What about all the places where cameras haven't been placed?
What about accidents that happen just out of the range of the camera?
And what about all the accidents that happen within the bounds of the speed limit? Despite the propaganda the problem isn't speed, it's lack of awareness and distraction caused by too much street furniture - including speed cameras. Bad driving, in other words, to which speed merely adds a little more energy. The number of accidents I've seen happen just before passing a camera are too many to list (and, yes, anecdotal - but they were all caused by people who were, up to that point, driving safely though a little over the proscribed speed, suddenly hitting the brakes in order to avoid getting flashed by the camera with the inevitable result of a rear-end collision).
Speed can increase the damage caused by an accident but speed, by itself, doesn't kill. You can be killed by someone driving at 20 if they hit you right.
...all vehicles will have a chip inside and a signal that is sent to restrict the speed in whatever zone you are driving. It will also monitor you for deviant behavior and automagically call the pigs if you are caught using a mobile, eating, drinking or fiddling with your gearstick in an inappropriate manner whilst at the wheel.
It will also monitor for children in the car, and then check whether you are licensed to be in the presence of children.
It's almost here
If you have a fairly new license plate, it will have an RFID chip. EVSC/ISA is mooted and Galileo is up there to do the tracking. You pretty much get this with charge-as-you-drive anyway (which is almost certainly on the way - making drivers pay at least 4 times for the roads).
Sounds good to me, just disable the speed trigger and I wouldn't mind those at all.
You already have two of those
Eye-ball mark one. Simply slow down and the the prat go past (assuming it's safe to slow down of course).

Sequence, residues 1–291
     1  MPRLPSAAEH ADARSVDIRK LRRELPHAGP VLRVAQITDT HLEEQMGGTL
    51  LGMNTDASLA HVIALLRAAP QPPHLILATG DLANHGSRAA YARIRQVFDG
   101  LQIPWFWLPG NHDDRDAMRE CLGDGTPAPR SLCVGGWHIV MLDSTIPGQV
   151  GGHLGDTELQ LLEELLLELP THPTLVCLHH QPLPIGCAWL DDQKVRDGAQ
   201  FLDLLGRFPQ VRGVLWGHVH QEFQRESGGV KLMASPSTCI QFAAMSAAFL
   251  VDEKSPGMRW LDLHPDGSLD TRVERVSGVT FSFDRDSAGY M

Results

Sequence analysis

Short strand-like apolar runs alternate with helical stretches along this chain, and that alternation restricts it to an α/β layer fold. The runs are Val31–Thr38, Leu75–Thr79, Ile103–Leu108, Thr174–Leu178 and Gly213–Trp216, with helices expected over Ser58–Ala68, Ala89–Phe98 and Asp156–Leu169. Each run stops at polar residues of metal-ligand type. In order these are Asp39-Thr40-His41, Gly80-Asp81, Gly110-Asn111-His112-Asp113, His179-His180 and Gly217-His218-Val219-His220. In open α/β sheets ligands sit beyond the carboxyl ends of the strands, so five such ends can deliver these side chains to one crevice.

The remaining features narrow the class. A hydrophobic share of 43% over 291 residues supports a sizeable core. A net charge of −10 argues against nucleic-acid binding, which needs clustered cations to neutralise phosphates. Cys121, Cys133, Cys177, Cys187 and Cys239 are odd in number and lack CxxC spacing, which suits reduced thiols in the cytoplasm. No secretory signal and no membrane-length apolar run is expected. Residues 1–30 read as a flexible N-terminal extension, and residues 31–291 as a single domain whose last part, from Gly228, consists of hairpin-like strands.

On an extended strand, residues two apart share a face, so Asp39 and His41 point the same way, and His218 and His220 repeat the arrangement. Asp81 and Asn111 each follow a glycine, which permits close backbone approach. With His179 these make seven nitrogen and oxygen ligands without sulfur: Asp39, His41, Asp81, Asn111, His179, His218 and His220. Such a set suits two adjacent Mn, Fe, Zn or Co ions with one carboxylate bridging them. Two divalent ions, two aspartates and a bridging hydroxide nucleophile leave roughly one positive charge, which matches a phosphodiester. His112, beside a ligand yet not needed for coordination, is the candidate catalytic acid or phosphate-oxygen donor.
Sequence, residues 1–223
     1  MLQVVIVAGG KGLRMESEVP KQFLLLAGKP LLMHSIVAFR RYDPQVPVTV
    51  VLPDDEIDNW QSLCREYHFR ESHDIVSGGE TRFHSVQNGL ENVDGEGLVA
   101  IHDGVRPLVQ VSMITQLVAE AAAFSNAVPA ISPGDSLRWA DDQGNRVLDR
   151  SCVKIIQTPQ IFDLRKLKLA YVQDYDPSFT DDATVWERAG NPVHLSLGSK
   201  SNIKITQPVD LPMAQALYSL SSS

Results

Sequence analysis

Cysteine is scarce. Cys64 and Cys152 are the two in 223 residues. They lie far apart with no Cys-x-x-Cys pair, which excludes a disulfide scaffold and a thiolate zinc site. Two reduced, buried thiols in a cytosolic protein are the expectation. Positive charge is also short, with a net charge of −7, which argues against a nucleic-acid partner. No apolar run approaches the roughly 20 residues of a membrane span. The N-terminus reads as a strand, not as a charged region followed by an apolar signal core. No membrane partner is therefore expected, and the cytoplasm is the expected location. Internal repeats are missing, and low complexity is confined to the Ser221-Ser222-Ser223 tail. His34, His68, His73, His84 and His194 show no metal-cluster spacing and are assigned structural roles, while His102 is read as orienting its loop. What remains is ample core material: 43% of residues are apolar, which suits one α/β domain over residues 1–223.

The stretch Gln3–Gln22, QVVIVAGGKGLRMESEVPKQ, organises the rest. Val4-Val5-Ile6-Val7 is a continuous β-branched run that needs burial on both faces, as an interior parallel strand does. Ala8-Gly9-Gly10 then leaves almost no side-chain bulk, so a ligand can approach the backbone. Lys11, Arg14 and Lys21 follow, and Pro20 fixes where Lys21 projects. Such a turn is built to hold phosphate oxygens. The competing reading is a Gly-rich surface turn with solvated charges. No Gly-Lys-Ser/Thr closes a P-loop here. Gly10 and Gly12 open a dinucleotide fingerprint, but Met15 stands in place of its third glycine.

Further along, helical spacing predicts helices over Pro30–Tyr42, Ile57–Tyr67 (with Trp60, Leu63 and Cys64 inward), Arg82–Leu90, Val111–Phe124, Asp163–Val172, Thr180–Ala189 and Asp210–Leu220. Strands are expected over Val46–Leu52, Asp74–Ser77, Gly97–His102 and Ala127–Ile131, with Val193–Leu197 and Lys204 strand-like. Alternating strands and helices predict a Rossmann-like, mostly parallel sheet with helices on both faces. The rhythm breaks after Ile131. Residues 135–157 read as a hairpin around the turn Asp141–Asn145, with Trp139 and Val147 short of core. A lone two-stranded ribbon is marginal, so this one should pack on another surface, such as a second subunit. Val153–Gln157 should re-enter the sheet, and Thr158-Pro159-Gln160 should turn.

Another day and yet another step towards a more Orwellian world... :(
@"a new generation of speed camera that is supposedly capable of detecting up to 10 kinds of traffic offences."
Yet another day society acts like the ever more boiled frog which just keeps getting hotter, but still fails to notice. :(
With these speed cameras detecting more crimes, its going to get that we will become fearful of even just sneezing. How long before we have automated copcam #635712 detects driver of vehicle reg ####### with eyes closed for 0.315 seconds whilst sneezing ... 3 points and an automated fine added to licence.
And then how long before automated copcam #1824612 detects Jaywalker on grass ... name ######### address ############# fine posted automatically.
Sorry Orwell too few listened to you in time to stop it all :(
Orwell wasn't warning about the use of technology
He was warning about the abuse of power.
Perhaps Godwin's law should have an "Orwell" corollary...
Enough of this ...
@Anonymous Coward: you are playing a straw man argument, by trying to misrepresent a split between power and abuse of technology when there is none. The Narcissistic control freaks in society are the people who seek to abuse technology to give themselves ever more power to control others, which is exactly what Orwell warned about.
Furthermore, this whole infuriating Godwin's Law style stupid anti-Nazi word attitude of denigrate anyone who dares to highlight growing fascist attitudes in society is greatly helping to make matters worse. We need to highlight fascist attitudes if we are to stop them.
Therefore based on your comments and general attitude, I am forced to conclude that your real intention is that you are one of the people who want such a controlled Orwellian world and so you seek to ridicule me, which is itself yet another straw man argument, by attacking the person and not attacking and overturning the facts about what they say because you cannot other than to attempt straw man argument ridicule.
(p.s. I have learned Narcissistic people love straw man arguments because its all part of their attitude of gaining an advantage over people with deceitful lies. Which just adds to your profile, leading me to conclude that you do indeed want such a controlled Orwellian world, which is the real intention behind your failed attempts to ridicule me).
"Perhaps Godwin's law should have an "Orwell" corollary"
Most sensible thing I've read around here for weeks
Re: Orwell wasn't warning about the use of technology